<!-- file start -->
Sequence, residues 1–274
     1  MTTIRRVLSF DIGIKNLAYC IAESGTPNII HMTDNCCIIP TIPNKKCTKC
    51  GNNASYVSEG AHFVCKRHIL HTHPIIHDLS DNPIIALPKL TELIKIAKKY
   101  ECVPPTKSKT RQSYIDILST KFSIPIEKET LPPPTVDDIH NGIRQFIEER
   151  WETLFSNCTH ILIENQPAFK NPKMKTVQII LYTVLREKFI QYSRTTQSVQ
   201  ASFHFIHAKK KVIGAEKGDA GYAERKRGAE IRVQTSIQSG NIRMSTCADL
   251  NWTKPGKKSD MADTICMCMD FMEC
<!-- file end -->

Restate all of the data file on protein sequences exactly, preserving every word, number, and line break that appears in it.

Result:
Sequence, residues 1–274
     1  MTTIRRVLSF DIGIKNLAYC IAESGTPNII HMTDNCCIIP TIPNKKCTKC
    51  GNNASYVSEG AHFVCKRHIL HTHPIIHDLS DNPIIALPKL TELIKIAKKY
   101  ECVPPTKSKT RQSYIDILST KFSIPIEKET LPPPTVDDIH NGIRQFIEER
   151  WETLFSNCTH ILIENQPAFK NPKMKTVQII LYTVLREKFI QYSRTTQSVQ
   201  ASFHFIHAKK KVIGAEKGDA GYAERKRGAE IRVQTSIQSG NIRMSTCADL
   251  NWTKPGKKSD MADTICMCMD FMEC